Points of Interest
The small town of Mitzpe Ramon is located right on the edge of one of Israel’s most amazing natural wonders- the largest erosion crater in the world- the Ramon Crater.
This 40km long, 11km wide valley features limestone cliffs all around and soft rolling hills of sandstone on the inside.
The scenery from the town’s promenade is spectacular any time of day, any day of the year, but is especially recommended during sunset.
After sun-down you can enjoy one of the best stargazing opportunities in the world thanks to clear skies, high elevation and little light and air pollution. Just remember to dress warmly (even in the summer).
Being the most isolated community in Israel (40 km away from its nearest neighbors), the town has developed a unique atmosphere and a pace of its own. What was once the industrial quarter of the town, has transformed into an indie tourism area with galleries, organic coffee shops, restaurants, a natural-soap factory, music venues and even a dance school. Because of it’s size (only 5000 registered residents), some nights of the week seem somewhat sleepy, but during music festivals, holidays and astronomy events the atmosphere is live, hip and friendly.
Must see- if you visit Mitzpe Ramon in the fall or in the spring, do your best to get up early and catch the “cloud falls”- streams of night mist that get blown over the cliff and into the crater by the early morning breeze.
The City of Avdat
What started as just a rest stop along the spice route, developed over 2000 years ago, into a full grown city with houses, a market street, temples and later churches, wine presses (yes, in the desert) a fort and a camp for the roman legion.
Avdat is one of six Nabatean cities in Israel’s Negev desert, and was declared a UNESCO world heritage site.
This city, located on a cliff-crowned hill, dominates the surrounding valley which was once full of the fields and orchards that fed the city inhabitants.
The city of Avdat was named after a Nabatean king that was so idolized by his people that he was declared a god after his death.
The Nabatean people dominated these deserts and monopolized the trade in incense thanks to their exceptional skill in finding collecting and storing water in the desert.
Caravans of hundreds of camels crossed the desert carrying precious goods, and from their capitol, Petra, in today’s Jordan, they traveled across the Israeli Negev to the harbor city of Gaza, bringing back great wealth that financed the construction of their magnificent cities.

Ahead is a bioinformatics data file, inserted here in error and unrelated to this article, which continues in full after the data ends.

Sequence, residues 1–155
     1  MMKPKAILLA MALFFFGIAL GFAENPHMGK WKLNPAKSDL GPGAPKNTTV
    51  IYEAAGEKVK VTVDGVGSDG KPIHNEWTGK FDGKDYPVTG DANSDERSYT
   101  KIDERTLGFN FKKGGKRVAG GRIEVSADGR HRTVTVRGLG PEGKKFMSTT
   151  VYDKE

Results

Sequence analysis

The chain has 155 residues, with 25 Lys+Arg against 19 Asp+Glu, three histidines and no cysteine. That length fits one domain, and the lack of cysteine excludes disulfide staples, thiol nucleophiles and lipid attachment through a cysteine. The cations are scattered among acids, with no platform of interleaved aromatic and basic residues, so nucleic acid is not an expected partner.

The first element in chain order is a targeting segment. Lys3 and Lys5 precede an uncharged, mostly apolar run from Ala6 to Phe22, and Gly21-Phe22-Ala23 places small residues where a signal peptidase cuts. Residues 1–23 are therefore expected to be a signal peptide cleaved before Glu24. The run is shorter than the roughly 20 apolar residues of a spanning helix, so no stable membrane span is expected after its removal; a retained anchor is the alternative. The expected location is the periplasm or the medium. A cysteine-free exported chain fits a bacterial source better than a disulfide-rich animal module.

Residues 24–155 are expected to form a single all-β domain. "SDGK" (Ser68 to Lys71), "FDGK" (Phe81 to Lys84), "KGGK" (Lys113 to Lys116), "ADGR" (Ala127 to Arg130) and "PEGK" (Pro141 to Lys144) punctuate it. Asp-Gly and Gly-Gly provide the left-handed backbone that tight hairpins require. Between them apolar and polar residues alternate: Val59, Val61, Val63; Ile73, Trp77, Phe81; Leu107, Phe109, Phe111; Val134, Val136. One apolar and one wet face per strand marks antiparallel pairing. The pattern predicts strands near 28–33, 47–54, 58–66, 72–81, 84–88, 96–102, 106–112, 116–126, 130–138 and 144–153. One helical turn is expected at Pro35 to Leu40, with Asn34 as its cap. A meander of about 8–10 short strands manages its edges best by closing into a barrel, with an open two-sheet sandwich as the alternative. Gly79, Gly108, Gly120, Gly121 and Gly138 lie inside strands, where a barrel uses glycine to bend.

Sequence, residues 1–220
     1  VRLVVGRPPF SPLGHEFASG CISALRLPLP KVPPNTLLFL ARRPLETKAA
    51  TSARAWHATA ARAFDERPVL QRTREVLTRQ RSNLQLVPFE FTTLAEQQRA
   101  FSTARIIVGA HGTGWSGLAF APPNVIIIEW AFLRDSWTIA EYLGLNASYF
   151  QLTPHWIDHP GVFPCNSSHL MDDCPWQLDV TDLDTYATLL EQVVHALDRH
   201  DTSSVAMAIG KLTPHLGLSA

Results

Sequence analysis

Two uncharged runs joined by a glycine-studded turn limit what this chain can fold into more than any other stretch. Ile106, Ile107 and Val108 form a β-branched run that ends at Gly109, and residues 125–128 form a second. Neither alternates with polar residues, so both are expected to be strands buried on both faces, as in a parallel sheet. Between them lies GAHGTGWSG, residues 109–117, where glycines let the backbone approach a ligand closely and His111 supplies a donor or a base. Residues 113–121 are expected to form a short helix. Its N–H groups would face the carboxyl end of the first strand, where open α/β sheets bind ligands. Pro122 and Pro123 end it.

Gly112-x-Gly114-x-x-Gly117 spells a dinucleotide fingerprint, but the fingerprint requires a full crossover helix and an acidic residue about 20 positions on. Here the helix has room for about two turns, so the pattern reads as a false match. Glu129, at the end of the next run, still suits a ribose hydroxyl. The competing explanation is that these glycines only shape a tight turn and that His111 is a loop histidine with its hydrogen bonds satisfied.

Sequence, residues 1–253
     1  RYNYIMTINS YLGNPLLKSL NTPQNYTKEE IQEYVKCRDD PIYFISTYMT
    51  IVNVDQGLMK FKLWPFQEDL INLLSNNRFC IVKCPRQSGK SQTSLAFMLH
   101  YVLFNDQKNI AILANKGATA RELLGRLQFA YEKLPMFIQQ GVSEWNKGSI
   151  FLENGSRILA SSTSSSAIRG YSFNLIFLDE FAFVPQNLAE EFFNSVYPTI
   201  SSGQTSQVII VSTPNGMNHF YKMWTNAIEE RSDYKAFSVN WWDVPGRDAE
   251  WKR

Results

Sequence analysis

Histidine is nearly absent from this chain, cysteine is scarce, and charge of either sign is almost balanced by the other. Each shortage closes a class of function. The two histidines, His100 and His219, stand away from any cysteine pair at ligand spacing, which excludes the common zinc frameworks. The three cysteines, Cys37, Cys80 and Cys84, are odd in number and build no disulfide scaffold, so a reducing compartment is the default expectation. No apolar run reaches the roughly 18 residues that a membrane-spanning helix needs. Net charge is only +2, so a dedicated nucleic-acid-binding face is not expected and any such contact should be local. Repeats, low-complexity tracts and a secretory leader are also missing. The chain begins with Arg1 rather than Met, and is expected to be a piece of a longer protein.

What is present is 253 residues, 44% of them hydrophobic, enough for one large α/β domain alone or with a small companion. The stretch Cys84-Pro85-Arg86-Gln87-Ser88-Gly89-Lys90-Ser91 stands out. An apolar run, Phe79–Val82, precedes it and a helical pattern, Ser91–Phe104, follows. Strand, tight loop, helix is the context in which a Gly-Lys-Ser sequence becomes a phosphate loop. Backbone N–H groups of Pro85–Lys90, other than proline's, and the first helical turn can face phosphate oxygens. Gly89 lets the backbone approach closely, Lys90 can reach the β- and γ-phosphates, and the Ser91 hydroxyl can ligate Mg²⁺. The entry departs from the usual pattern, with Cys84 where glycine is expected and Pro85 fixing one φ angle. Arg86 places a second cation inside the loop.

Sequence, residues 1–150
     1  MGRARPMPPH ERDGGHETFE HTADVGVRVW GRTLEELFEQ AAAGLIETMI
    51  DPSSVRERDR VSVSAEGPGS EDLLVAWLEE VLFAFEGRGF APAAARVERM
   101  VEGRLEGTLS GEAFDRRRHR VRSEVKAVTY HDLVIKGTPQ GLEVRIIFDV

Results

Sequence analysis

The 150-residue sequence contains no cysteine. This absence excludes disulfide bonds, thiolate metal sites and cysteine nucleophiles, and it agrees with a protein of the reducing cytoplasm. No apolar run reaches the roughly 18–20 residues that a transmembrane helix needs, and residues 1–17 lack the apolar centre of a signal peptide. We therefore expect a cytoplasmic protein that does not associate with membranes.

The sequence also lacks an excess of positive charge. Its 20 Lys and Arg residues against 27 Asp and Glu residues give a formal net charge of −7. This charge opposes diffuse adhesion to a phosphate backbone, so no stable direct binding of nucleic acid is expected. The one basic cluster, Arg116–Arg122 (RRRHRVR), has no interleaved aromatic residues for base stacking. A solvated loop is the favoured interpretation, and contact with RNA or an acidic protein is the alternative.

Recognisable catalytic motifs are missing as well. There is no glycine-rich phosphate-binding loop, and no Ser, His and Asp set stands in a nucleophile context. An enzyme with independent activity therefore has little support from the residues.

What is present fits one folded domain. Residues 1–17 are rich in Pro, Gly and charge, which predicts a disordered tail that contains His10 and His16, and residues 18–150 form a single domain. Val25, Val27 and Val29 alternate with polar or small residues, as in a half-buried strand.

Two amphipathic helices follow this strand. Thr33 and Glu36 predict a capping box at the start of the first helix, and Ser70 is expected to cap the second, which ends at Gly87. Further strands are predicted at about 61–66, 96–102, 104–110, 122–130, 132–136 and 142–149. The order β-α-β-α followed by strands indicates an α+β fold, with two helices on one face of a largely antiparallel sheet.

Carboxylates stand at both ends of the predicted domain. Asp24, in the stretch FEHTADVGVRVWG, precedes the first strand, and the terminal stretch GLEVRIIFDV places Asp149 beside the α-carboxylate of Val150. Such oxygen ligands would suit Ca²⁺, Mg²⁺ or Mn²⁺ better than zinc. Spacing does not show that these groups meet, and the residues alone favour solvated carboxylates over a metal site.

These cities became their weakness as they could no longer use their nomadity and the harshness of the desert for their protection. By the end of the first century, AD, the Nabatean kingdom was annexed into the Roman empire. An alternative route through the seas was found to replace the desert spice route and the rise of Christianity brought a decline to the demand of frankincense. After the Muslim conquest of this region the Nabatean cities dwindled, one by one, and were eventually abandoned.
Must see- If you’re already detouring through the city of Avdat, do not miss the underground dwellings on the slope of the hill. Quite a creative solution for living in the harsh climate of this region.
Two springs in the same canyon actually share this name. Upper Ein Akev is the smaller of the two.
This is a long shallow pool covered almost completely by the dense growth of reeds emerging from the water. Also present are Tamerisk bushes and Lillys.
The water is only exposed in one small section- enough to wash you face. The contrast between the bright white of the bare cliffs of the canyon and the lush green of the vegetation around the pool is truly striking.
Three kilometers down canyon you’ll come to a drop on the canyon floor and an impressive waterfall. Most days of the year there is only a trickle falling down into the deep pool of Lower Ein Akev. Only when a flash-flood fills the canyon, two or three times a year, does the fall reveal its full potetial, when a wide front of advancing water gets funneled down the fall and flushes through the pool.
Ein Akev pool is very deep and a great spot for resting. The water is cool if not cold, and is constantly refreshed by the continuous trickle.
Ein ZIk / Ein Shviv
Ground water emerges here, from the same source, out to two spots along the same canyon, both bearing Hebrew translations of the Arabic original name-Ein Shahabia, which means “The spring of the Spark”.
Alongside the Tamarisk and Saltbush, two unique trees grow here in lush groves: Wild Date trees and broad-leaf Poplars, both of which are not usual desert inhabitants. While the Date trees can be explained simply by the large amount of water that is available here relatively close to the surface, the presence of Poplars, a tree that belongs in cooler environments and can be found today mainly in the upper GallilIee, demands a more thorough explanation.
The most recent botanical research has proposed the following theory: Poplars, like several other plants, are, in fact, botanical relics from an age of colder climate. Back during the last ice age the Poplars grew here in large numbers and dominated the landscape. When the climate started warming up, these trees gradually disappeared from the hilltops and bare slopes, which were the least hospitable areas. As the desertification process continued the Poplars were all but extinct from this region, surviving only in shaded canyons with plenty of water- here around Ein Shviv and Ein Zik and in Ein avdat next to Ben Guryon College.